Successful, career oriented, and a visionary, Marie Heron has transformed her $100,000 funded agency into multiple delivery sites and more than 1.5 million dollars in funding. Over the years, she has been an adult educator, career counsellor and eventually an Executive Director. Heron’s career path, however, was far from barrier free.
At the age of 24, Heron worked as a sales representative for an International Personnel Agency. A self described over achiever, Heron strived to climb the career ladder to become a site manager. Her life, however, was about to take an unexpected turn, beginning with an emergency visit to St. Michael’s Hospital. After three days of testing, Heron was diagnosed as having the chronic illness Multiple Sclerosis.
Left with more questions than answers, Heron returned to work, where she quickly learned that life was not what it was before. ”After the initial diagnosis, I had three successive relapses, which required time off of work,” said Heron. “My employer had to let me go because I was taking so much time off work.”
Taking a Step Back to Move Forward
Not wanting to repeat this experience, Heron made the decision to take on shorter-term contracts while she adapted to life with a chronic illness. Although, it was a choice that resulted in significantly less money, it was a necessary step to gain a better understanding of her illness and what she would need to do to adapt. Over time, Heron realized that she could either sit and wallow in self pity or proceed forward with her dreams. And so, she moved forward, determined to construct her own career path. “Physically I was having periodic episodes of vertigo, vision loss and falls, intermixed with periods of remission,” said Heron. “I recognized that I was the only one responsible for my career, so I took control.” The answer for Heron was to start her own business, the Art of Reception, a training company for receptionists. The business started out small, with a few key staff members that she could trust to take the lead during periods of relapse.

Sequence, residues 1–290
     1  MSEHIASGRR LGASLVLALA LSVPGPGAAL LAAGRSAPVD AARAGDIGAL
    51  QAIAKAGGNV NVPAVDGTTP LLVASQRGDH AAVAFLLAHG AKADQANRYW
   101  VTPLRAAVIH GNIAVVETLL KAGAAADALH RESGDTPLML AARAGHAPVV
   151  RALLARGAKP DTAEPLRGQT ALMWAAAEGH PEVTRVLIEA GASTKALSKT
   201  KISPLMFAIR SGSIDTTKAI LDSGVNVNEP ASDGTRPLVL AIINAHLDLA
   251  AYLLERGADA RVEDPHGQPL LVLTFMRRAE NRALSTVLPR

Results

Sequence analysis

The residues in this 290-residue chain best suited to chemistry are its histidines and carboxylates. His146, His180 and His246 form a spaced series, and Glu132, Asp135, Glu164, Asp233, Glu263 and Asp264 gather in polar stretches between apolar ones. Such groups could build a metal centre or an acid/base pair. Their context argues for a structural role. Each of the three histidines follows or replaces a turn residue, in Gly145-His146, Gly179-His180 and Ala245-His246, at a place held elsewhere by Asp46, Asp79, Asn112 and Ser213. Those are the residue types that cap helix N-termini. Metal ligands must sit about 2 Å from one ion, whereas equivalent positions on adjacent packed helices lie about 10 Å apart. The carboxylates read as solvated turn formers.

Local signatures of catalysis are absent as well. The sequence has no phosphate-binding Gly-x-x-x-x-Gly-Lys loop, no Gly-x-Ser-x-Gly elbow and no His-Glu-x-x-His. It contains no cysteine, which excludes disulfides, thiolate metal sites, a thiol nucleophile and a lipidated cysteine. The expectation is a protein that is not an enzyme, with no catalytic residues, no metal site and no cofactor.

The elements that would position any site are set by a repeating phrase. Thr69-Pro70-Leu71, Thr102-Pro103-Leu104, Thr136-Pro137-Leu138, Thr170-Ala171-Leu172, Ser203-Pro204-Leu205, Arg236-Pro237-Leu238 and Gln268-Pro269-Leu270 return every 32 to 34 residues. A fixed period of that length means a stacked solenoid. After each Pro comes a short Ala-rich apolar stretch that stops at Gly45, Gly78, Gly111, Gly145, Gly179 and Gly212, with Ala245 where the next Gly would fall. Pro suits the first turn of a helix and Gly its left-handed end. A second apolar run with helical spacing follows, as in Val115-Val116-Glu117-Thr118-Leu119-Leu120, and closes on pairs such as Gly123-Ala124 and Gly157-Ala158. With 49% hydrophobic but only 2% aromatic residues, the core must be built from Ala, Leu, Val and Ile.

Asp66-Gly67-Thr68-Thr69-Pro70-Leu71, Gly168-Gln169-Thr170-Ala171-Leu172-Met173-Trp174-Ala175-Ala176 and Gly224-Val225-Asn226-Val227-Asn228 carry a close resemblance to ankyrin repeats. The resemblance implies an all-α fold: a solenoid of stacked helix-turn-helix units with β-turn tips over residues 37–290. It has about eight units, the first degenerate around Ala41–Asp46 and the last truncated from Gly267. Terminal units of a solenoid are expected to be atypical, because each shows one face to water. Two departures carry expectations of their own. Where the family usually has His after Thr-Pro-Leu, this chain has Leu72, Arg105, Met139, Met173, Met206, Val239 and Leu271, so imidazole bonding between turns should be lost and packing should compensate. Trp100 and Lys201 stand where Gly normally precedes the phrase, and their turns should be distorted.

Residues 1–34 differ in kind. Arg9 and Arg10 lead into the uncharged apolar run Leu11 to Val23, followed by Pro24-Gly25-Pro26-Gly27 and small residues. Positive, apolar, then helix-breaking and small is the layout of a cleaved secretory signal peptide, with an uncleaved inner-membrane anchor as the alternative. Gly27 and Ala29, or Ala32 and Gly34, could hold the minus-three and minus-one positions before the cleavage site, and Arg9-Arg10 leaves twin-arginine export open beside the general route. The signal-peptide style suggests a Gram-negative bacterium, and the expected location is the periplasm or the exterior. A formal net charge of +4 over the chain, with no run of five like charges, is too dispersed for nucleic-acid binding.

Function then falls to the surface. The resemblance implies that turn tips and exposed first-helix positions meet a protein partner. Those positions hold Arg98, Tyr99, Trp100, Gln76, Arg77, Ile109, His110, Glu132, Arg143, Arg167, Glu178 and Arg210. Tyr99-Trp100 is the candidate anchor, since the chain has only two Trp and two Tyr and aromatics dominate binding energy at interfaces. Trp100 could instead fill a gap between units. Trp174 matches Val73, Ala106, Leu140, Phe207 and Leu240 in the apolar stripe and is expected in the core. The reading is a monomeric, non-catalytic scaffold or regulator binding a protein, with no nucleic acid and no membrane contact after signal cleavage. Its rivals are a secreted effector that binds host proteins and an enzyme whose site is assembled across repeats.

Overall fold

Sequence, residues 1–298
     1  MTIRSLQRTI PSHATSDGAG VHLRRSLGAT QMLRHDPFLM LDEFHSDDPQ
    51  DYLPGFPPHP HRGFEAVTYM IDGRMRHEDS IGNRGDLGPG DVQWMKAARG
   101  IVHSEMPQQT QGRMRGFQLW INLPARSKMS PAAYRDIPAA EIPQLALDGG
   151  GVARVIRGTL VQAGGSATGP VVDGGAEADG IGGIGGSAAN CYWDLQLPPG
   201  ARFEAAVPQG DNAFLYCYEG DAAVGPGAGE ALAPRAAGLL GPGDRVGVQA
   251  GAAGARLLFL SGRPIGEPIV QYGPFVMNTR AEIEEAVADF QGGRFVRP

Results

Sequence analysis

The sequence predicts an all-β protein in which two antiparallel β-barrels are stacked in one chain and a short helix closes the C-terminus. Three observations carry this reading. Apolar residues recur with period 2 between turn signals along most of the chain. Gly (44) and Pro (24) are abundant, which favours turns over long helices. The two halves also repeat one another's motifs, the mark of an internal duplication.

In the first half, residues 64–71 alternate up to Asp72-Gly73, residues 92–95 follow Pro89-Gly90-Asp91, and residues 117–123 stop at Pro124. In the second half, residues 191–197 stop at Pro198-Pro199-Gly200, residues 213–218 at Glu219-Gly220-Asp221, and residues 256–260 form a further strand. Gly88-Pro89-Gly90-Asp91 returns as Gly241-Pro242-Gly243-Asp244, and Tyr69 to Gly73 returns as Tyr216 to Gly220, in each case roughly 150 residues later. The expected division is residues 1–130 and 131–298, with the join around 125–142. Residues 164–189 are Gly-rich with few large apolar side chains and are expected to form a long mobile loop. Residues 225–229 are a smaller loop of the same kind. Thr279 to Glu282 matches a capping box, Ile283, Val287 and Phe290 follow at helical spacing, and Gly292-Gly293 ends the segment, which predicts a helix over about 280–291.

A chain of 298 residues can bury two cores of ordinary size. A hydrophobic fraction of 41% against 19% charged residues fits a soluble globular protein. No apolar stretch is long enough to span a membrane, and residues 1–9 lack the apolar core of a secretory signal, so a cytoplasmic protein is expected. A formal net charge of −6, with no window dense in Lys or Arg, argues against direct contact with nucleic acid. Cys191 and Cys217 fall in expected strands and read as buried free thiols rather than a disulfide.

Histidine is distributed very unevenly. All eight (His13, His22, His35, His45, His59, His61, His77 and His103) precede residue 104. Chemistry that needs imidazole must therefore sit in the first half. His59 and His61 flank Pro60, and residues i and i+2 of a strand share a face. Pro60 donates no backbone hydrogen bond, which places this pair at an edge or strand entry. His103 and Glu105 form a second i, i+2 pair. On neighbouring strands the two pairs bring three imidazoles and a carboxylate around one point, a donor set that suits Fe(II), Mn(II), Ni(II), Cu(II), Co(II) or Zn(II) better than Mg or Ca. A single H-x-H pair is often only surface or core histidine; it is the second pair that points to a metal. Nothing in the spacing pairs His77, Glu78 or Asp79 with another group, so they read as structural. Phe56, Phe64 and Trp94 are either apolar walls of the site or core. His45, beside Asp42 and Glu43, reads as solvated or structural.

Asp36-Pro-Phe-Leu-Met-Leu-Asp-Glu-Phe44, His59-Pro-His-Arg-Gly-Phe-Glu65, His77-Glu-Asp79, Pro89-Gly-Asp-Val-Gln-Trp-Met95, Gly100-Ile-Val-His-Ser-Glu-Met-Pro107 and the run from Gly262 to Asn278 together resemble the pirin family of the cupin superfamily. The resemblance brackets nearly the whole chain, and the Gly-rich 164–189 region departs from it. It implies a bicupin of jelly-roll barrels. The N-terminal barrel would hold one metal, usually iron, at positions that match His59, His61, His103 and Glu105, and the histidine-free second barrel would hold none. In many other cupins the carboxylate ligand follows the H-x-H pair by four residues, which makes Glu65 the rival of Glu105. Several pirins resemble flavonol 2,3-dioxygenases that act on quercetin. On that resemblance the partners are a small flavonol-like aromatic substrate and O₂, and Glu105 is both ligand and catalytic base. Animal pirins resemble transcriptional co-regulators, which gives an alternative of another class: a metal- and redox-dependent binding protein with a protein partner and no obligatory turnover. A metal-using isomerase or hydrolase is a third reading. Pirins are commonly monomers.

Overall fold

After a few years, Heron recognized the company’s potential for growth, but to do so she would require additional capital. “I went to a local politician’s office, every week, for a year and half, with the hopes of obtaining federal funding,” said Heron. Her perseverance paid off. “I was the youngest and first woman to get that much federal funding,” said Heron. “But it was what my contact said when the funding was received that was both surprising and inspiring.” The politician shared that he had helped to knock down the doors, but what Heron did beyond the doors was up to her.
And that is exactly what she did, continuing to break down barriers and expand her company. With the growth of the company, Heron became less forthcoming about her illness to her staff. “When people heard that I had multiple sclerosis, immediately they started to research and develop biases that impacted our interactions,” said Heron. “And so, I made the decisions to not tell people about my illness, as it did not define who I was.”
Strange Side Effects of the Illness
Navigating a career with a chronic illness, equipped Heron with both a positive attitude and perseverance that helped to both inspire and motivate her clients. Because she had such high expectations for herself, she, found herself expecting her staff to follow her example. “Because I had done so much myself, “said Heron. “I found that I had developed extremely high expectations for my employees.” To help manage her expectations, Heron hired a human resources consultant to assist her with both management techniques and to develop policies and procedures for her company.
Over the years, Heron has learned a lot about growing her career and the importance of self-care, but this wasn’t always the case. In her twenties and thirties, Heron, would often find herself working overtime, including weekends, to get in documents days before the deadline. Today, she’s learned to take things a bit slower, still ensuring that the deadline is met, but also taking the time to rest and rejuvenate.
“I recently read an article by Jack Osborne, who shared that there is a silver lining with being diagnosed“, said Heron. “He said, that if you can maintain your positivity, you can steer your progression. It resonated with me because I’ve always tried to be positive.” Although, multiple sclerosis does not define Heron, there is no question that it has helped evolve her to the person that she is today.
Marie Heron, Executive Director at On-Track Career & Employment Services, was diagnosed with M.S. at 24. She has created a new podcast, “Truth Be Told” so that young people living with M.S. can find a safe resource for hope, inspiration, and advocacy.